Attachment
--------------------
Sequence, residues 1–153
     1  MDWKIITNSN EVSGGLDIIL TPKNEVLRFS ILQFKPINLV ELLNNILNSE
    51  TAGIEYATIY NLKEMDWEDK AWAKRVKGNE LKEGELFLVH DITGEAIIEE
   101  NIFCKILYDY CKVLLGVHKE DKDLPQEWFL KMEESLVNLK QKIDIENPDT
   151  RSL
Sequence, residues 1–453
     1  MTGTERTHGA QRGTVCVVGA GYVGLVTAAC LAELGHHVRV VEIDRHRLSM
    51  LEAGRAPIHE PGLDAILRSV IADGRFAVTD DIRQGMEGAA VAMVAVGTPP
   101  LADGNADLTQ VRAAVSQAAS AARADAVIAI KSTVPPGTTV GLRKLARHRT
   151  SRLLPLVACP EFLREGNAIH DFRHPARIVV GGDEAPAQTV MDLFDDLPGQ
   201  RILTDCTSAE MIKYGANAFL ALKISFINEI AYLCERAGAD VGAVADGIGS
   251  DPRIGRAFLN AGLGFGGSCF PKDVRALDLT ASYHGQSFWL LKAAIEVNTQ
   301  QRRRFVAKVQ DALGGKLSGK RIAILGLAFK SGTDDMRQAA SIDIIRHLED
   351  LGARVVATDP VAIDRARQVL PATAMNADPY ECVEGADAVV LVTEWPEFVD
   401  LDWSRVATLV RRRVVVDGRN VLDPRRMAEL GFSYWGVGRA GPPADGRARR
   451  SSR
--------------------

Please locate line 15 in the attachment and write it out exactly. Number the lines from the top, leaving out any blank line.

   401  LDWSRVATLV RRRVVVDGRN VLDPRRMAEL GFSYWGVGRA GPPADGRARR